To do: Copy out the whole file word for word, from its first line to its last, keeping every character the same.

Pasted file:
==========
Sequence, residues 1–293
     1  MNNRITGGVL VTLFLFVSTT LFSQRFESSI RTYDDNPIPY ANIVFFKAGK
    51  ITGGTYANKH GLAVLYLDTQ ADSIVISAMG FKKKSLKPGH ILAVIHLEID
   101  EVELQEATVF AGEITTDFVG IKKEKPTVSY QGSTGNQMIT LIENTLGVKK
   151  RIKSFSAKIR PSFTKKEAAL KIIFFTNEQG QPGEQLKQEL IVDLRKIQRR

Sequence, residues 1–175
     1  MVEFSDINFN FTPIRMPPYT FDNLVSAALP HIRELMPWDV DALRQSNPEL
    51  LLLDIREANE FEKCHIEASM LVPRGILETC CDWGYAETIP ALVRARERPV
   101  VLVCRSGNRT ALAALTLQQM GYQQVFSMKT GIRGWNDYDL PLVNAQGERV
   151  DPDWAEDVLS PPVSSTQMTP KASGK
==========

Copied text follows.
Sequence, residues 1–293
     1  MNNRITGGVL VTLFLFVSTT LFSQRFESSI RTYDDNPIPY ANIVFFKAGK
    51  ITGGTYANKH GLAVLYLDTQ ADSIVISAMG FKKKSLKPGH ILAVIHLEID
   101  EVELQEATVF AGEITTDFVG IKKEKPTVSY QGSTGNQMIT LIENTLGVKK
   151  RIKSFSAKIR PSFTKKEAAL KIIFFTNEQG QPGEQLKQEL IVDLRKIQRR

Sequence, residues 1–175
     1  MVEFSDINFN FTPIRMPPYT FDNLVSAALP HIRELMPWDV DALRQSNPEL
    51  LLLDIREANE FEKCHIEASM LVPRGILETC CDWGYAETIP ALVRARERPV
   101  VLVCRSGNRT ALAALTLQQM GYQQVFSMKT GIRGWNDYDL PLVNAQGERV
   151  DPDWAEDVLS PPVSSTQMTP KASGK